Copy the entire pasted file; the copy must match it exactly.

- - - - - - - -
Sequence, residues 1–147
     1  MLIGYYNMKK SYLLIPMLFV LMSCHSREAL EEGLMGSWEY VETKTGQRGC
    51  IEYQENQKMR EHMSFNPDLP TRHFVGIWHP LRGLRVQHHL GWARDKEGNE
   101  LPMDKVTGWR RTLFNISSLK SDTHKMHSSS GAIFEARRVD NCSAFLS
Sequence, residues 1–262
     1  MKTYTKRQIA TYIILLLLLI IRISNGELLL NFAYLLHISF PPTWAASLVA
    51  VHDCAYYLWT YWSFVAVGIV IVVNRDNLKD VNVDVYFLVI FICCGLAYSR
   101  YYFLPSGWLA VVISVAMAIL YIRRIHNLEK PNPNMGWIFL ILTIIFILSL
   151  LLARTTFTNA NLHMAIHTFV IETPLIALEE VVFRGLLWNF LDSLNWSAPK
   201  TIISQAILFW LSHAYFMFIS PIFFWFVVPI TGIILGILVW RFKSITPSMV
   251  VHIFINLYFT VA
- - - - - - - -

Sequence, residues 1–147
     1  MLIGYYNMKK SYLLIPMLFV LMSCHSREAL EEGLMGSWEY VETKTGQRGC
    51  IEYQENQKMR EHMSFNPDLP TRHFVGIWHP LRGLRVQHHL GWARDKEGNE
   101  LPMDKVTGWR RTLFNISSLK SDTHKMHSSS GAIFEARRVD NCSAFLS
Sequence, residues 1–262
     1  MKTYTKRQIA TYIILLLLLI IRISNGELLL NFAYLLHISF PPTWAASLVA
    51  VHDCAYYLWT YWSFVAVGIV IVVNRDNLKD VNVDVYFLVI FICCGLAYSR
   101  YYFLPSGWLA VVISVAMAIL YIRRIHNLEK PNPNMGWIFL ILTIIFILSL
   151  LLARTTFTNA NLHMAIHTFV IETPLIALEE VVFRGLLWNF LDSLNWSAPK
   201  TIISQAILFW LSHAYFMFIS PIFFWFVVPI TGIILGILVW RFKSITPSMV
   251  VHIFINLYFT VA